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Social distancing is proven to be one of the most effective ways to reduce the spread of COVID-19. For Canadians and many across the globe, this means changes to everyday routines to minimize contact with others. However, for someone with deafblindness, touch is essential for communication.

Deafblindness is a combination of hearing and vision loss that is unique to each person and can impact access to information, communication, and mobility. Over 1% of Canada’s population or approximately 466,420 people are deafblind. In Ontario, an estimated 211,250 individuals are deafblind.

Intervenors are professionally trained to act as the “eyes” and “ears” of the individual with deafblindness through the sense of touch. They provide visual and auditory information through various forms of sign language, some of which is tactile.

“Social distancing is nearly impossible when supporting an individual with deafblindness. It would mean no communication, guidance, safety, or compassion… it would eliminate their human rights for this unique population”, said Vera Mota, an intervenor at DeafBlind Ontario Services.

As an essential service during these challenging times, intervenors are working every day; encouraging people with deafblindness to be more independent and live full, meaningful lives.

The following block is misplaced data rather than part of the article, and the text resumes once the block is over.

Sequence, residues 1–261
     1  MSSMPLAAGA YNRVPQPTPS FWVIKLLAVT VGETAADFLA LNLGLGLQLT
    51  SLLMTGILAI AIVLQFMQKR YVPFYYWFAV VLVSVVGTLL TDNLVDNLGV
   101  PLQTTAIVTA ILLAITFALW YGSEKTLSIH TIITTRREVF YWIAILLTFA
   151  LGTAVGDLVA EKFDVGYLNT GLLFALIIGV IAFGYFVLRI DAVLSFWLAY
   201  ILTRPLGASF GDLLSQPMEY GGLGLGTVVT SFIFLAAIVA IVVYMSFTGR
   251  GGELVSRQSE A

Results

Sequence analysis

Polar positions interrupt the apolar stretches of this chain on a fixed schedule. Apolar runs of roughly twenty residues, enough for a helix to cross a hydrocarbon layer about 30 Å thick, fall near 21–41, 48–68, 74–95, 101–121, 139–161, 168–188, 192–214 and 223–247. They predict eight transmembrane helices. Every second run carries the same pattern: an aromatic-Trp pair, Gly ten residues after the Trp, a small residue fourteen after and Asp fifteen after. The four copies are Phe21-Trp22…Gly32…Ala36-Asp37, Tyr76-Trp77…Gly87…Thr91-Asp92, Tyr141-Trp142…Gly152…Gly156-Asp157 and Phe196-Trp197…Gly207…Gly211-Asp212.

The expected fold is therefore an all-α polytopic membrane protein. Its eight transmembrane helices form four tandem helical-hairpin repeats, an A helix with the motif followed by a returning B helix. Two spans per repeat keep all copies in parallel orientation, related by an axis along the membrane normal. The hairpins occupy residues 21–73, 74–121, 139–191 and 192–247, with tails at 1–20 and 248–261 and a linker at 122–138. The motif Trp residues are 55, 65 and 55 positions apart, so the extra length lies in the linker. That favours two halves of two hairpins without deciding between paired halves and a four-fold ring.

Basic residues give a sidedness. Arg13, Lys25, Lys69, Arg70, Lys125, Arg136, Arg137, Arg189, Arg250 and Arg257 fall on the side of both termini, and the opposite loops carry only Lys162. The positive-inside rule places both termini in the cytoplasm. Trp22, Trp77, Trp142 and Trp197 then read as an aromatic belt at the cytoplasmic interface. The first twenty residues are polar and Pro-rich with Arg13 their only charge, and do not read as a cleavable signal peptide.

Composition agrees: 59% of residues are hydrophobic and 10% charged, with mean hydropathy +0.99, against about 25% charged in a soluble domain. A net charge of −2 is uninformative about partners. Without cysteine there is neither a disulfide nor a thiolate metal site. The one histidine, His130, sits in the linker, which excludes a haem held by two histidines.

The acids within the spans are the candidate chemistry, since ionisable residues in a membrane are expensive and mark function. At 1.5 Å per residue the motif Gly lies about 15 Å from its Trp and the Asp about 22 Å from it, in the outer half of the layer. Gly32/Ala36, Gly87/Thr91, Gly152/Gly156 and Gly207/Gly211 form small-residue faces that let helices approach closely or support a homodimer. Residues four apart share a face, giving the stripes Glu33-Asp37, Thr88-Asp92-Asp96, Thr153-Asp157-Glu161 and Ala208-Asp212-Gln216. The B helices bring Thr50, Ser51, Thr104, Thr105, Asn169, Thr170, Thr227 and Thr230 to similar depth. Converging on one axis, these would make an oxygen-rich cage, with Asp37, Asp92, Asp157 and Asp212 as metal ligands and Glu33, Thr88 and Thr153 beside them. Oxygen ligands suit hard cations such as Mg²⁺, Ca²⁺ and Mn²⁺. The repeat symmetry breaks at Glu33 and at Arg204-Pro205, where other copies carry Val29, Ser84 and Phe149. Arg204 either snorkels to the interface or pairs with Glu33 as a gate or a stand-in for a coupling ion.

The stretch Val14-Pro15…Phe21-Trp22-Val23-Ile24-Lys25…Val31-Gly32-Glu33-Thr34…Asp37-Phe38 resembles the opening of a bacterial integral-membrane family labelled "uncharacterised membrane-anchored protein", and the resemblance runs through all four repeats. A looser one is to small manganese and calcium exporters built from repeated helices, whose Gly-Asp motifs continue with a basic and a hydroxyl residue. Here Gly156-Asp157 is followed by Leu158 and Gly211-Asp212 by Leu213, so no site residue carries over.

“At DeafBlind Ontario Services, we believe it is always our role and responsibility to prioritize the health and well-being of the people we support and our employees. Since the beginning of the COVID-19 outbreak, we have been monitoring the progression of the virus, making decisions that are in line with both our mission and the recommendations of health officials and government leaders”, said Karen Keyes, Chief Operating Officer.

“For our team, social distancing means continuing to facilitate communication with the people we support. Our role during these times includes taking a universal precautions approach to infection control, along with limiting interactions if possible and sanitizing between interactions with different individuals. It also means comforting them, lessening their anxiety, and trying to instill a sense of normalcy”, said Vera.

“Our team is constantly thinking outside the box to bring recreational and leisure activities in-house to the people we support. You see passion and creativity come alive when the hallway is turned into a bowling alley using pop bottles as pins and soccer balls as bowling balls. Community experiences that are important to the person supported, like going to Tim Hortons for a tea, are being recreated at home too”.

“It is important to help do our part in containing the COVID-19 virus, reducing the risk of spreading the virus to the people we support, some of whom face additional medical challenges, as well as our valued employees, and the greater community,” said Karen. “We are all in it together, taking it day-by-day. At DeafBlind Ontario Services, we are resilient; when faced with challenges, we adapt and grow, becoming stronger together”.

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